Background
Paper-based, SMS and other traditional interventions are, in many ways, deficient in comparison to health apps. Traditional methods are static, thus cannot provide two-way information. The ubiquity of smartphones and proliferation of health apps suggests that they have the potential to help improve health [7]. Smartphones have many benefits over human persuaders including: greater persistence than otherwise acceptable; less invasive prompting [8]; access that human persuaders cannot gain; and inclusion of rich media such as audio, images and video [6,8]. Traditional interventions often rely on one-size-fits-all prompts [9]; Health apps afford the two-way information exchange required for interactive, tailored recommendations that are most effective at motivation and education [10-13], providing customized and personalized service delivery. Additionally, health apps enable large-scale interventions [1] at no, or little, additional cost [8]; such would be difficult, if not impossible, by traditional means. The Safe-D study will explore whether the Safe-D health app can improve vitamin D status in young women as well as, or better than, supplementation and/or brochure-based advice on achieving adequate sun exposure. Delivering complex messages simply is essential so that they are understood by the target audience, however it is also important that the messages themselves are personalized. Borsboom [9] indicates tailored solutions are “significantly more effective at improving healthcare outcomes” [9] and tailored information can lead to safer, less cumbersome, interventions. The literature provides support that tailored messages are most effective at [7,10-11].
The Safe-D case study
While improving health is rarely easy, some health problems require complex messaging, making interventions additionally difficult. For example, smoking cessation interventions must decrease smoking over time. The goal is difficult in practice but the message is simple: smoke less and stop. Conversely, achieving adequate vitamin D synthesis, like many health problems, requires complex messaging and is subject to a number of confounding factors. Few foods contain appreciable amounts of vitamin D, only oily fish, sun exposed mushrooms and eggs [12]. In Australia, margarine is fortified with vitamin D [13]; however, this alone is not enough to achieve sufficient levels. Green et al. [13] acknowledge that changing eating patterns to meet vitamin D requirements is not practical and that barriers exist to supplementation [13]. Therefore, sun exposure is essential, as ultra violet (UV) radiation is the primary source of vitamin D [12]. UV, however, varies based on latitude, season and time, cloud cover and pollution. In addition to these environmental factors, vitamin D synthesis is affected by skin pigmentation; darker pigmented skin requires longer exposure than lighter skin to synthesize the same amount of vitamin D [14]. Vitamin D from sunlight is dependent on exposed skin; the greater area covered, the less there is available for synthesis. Use of sunscreen has similar impact, diminishing UV absorption and thus vitamin D synthesis [14]. The factors that affect individualized sun exposure recommendations are depicted in Figure 1 Factors affecting exposure time.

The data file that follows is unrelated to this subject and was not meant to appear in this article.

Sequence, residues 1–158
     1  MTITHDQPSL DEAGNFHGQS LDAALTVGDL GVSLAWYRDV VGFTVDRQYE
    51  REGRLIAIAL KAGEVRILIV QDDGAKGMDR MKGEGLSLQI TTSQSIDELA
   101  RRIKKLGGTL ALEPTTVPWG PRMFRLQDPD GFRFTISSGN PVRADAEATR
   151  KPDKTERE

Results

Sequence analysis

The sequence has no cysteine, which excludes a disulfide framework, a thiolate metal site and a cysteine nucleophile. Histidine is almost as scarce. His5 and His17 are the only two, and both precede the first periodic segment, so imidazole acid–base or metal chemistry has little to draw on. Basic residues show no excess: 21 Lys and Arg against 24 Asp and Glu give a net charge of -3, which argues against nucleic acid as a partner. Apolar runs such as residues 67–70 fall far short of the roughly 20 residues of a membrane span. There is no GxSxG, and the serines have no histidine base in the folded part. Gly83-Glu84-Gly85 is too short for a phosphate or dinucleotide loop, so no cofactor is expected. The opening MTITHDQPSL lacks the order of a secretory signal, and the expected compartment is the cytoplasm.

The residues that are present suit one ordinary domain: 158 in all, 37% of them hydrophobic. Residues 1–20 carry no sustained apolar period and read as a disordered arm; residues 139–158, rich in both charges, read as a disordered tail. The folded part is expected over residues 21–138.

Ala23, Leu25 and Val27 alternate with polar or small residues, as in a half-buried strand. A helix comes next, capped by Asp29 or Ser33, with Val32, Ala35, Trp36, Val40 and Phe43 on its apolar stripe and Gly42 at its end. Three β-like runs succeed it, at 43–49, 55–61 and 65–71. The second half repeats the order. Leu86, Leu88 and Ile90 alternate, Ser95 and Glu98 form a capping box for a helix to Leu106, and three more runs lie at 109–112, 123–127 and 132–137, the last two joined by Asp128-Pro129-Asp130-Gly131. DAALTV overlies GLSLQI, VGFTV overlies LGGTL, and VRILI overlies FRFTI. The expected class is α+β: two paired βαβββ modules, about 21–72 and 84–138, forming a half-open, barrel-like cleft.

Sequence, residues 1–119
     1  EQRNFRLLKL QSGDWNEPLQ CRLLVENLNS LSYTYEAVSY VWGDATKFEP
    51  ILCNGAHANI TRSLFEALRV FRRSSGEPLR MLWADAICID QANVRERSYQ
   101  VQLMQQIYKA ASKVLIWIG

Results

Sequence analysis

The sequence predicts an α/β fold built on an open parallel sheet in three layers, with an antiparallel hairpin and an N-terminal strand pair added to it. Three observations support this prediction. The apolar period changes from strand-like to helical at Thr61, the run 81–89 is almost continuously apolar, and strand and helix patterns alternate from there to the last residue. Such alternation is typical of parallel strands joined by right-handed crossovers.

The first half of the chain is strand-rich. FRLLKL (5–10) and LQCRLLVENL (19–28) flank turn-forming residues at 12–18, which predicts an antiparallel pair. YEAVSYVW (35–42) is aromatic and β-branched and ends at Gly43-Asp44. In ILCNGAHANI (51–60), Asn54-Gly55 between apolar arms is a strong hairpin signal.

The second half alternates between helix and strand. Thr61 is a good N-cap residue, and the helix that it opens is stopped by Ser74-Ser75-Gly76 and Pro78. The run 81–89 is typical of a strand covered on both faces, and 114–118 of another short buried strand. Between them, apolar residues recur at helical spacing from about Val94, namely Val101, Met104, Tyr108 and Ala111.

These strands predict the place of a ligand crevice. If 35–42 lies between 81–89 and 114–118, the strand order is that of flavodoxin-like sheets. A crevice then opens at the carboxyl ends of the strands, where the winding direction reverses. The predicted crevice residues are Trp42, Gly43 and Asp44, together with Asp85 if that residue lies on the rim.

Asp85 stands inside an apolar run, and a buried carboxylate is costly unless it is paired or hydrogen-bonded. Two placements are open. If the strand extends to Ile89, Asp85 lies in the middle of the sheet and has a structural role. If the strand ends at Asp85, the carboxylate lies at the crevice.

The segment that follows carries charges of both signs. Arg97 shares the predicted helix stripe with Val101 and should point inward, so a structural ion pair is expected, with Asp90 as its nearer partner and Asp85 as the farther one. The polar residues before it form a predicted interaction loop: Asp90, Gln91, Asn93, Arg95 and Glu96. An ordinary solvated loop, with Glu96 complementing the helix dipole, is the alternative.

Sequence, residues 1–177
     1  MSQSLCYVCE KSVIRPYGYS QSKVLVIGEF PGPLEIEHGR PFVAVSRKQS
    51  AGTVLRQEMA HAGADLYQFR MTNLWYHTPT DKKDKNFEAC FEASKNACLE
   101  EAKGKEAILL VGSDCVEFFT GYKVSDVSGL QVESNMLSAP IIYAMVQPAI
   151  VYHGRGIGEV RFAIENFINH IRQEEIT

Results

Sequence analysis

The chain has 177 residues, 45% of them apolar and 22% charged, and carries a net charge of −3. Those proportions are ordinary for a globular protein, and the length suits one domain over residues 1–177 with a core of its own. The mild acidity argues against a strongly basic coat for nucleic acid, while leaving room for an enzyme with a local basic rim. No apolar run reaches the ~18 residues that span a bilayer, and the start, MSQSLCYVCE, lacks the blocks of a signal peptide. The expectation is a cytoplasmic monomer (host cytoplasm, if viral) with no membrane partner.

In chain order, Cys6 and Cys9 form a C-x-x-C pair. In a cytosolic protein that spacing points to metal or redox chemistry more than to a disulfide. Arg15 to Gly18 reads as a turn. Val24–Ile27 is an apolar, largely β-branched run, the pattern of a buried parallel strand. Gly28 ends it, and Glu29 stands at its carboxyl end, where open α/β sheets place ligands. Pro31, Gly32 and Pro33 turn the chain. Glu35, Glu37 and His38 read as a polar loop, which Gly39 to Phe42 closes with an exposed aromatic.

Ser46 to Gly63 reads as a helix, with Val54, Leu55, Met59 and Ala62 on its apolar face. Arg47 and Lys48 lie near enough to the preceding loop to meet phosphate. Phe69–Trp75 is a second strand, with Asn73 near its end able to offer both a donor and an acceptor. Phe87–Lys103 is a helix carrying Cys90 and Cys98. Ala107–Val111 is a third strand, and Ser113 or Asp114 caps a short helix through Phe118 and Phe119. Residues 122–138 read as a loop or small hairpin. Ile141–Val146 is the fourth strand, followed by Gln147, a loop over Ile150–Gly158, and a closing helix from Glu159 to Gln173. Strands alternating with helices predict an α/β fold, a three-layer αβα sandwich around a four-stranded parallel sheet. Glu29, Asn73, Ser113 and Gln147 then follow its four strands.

With vitamin D deficiency being associated with bone loss; poor dental health; lower muscle strength; osteomalacia; hyperparathyroidism and perhaps neurocognitive dysfunction and mental illness, particularly depression [12-20], improving vitamin D status is a high priority. Young women are in need of intervention as deficiency in youth affects the “ability to achieve (optimal) potential peak bone mass” [15], increasing the risks of osteoporosis, falls and osteoporotic fractures later in life [12,15,18]. Furthermore, women tend to have smaller, thinner bones and are more likely to develop osteoporosis due to sexual differences in skeletal development and greater bone loss with ageing due to menopause [20].
In Australia, skin cancer awareness is prominent, resulting in low vitamin D levels despite abundant UV, as, on the whole, Australians have adopted the Cancer Council’s ‘slip-slop-slap’ campaign [21] very well, inhibiting vitamin D synthesis. Currently, the message to the public is confusing: sunlight is needed for vitamin D yet agencies, including the Cancer Council, urge individuals to limit “exposure to reduce the risk of melanoma” [13]. This is what we refer to as ‘complex messaging’: there are many variables to consider and conflicting recommendations. Vitamin D deficiency is diagnosed and managed through GPs, however a survey conducted by Bonevski et al. [14] found that advice patients received differed from expert recommendations. Moreover, we found that young women aged 16-25, the target audience, wanted information regarding required sun exposure (77%); and 68% believed an app could help improve vitamin D levels and identified a need for better information than their GP currently provided.